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A photo of a robiot using a calculator | AccountingWEB| Unlock AI's untapped potential in accounting
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Unlock AI’s untapped potential in accounting

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As the AI hype train steams on, many accountants at the coalface are left unaware of the practical ways the technology could support them to do their jobs more efficiently. John Toon has some advice for those firms looking to take their first step. 

26th Feb 2024
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The acceleration of artificial intelligence (AI) over the past year has left many in no doubt that the technology will revolutionise the accounting profession. But do accountants fully understand the potential capabilities of AI? 

“The short answer is no,” tech evangelist John Toon (pictured below) said ahead of the Festival of Accounting & Bookkeeping, where he will be reviewing the accountancy AI roadmap at the event on the 13 and 14 of March at the NEC, Birmingham.

Firms haven’t fully explored the benefits of AI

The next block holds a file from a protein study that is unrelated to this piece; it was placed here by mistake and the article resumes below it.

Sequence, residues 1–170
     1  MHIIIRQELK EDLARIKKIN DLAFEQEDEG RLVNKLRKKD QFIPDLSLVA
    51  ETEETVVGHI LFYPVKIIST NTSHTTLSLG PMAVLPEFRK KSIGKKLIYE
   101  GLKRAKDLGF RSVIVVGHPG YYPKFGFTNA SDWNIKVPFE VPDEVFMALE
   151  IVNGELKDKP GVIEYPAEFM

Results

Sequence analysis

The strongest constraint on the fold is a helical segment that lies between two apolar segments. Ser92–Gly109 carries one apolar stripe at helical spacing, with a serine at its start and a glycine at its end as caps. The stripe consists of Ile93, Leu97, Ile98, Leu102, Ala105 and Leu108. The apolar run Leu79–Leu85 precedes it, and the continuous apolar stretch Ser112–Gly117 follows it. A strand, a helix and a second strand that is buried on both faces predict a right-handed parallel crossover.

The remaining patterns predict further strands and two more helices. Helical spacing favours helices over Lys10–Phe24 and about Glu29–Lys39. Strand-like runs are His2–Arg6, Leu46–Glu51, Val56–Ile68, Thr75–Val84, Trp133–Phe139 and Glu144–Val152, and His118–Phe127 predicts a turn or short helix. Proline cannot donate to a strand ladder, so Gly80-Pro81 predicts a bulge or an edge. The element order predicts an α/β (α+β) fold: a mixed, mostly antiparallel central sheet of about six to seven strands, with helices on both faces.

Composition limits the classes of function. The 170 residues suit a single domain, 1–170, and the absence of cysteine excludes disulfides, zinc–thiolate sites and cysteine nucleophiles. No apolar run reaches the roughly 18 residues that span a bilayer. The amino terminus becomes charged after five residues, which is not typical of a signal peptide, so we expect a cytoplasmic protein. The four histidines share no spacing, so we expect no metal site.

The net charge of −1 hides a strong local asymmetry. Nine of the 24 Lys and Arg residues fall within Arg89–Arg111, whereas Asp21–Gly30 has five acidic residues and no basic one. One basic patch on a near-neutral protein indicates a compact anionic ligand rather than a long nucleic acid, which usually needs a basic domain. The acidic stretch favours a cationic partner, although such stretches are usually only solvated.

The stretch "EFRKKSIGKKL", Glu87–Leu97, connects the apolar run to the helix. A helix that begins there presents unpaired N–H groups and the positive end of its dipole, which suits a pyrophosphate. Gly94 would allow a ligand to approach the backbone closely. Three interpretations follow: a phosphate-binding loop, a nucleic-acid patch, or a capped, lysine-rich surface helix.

A photo of John ToonToon, tech strategy lead at accounting firm Beever and Struthers, said that although the initial hype cycle of AI and large language models (LLM) is more than a year old, the potential risks, opportunities and impacts for accounting firms haven’t been fully addressed yet.

Most of the exploration from accountants haven’t moved past the stage of using the LLM for their marketing output, LinkedIn posts and blogs, although as Toon noted, this comes with the risk of creating “samey” content. 

He said that not many accountancy firms have successfully experimented with AI tools and changed their business model or the way they deliver client service. “I think that's partly down to a lack of knowledge, experience and potentially ability,” he said. 

‘‘The robot down the pub said…’

Toon said firms also face the challenge of ChatGPT becoming the new ‘man down the pub’.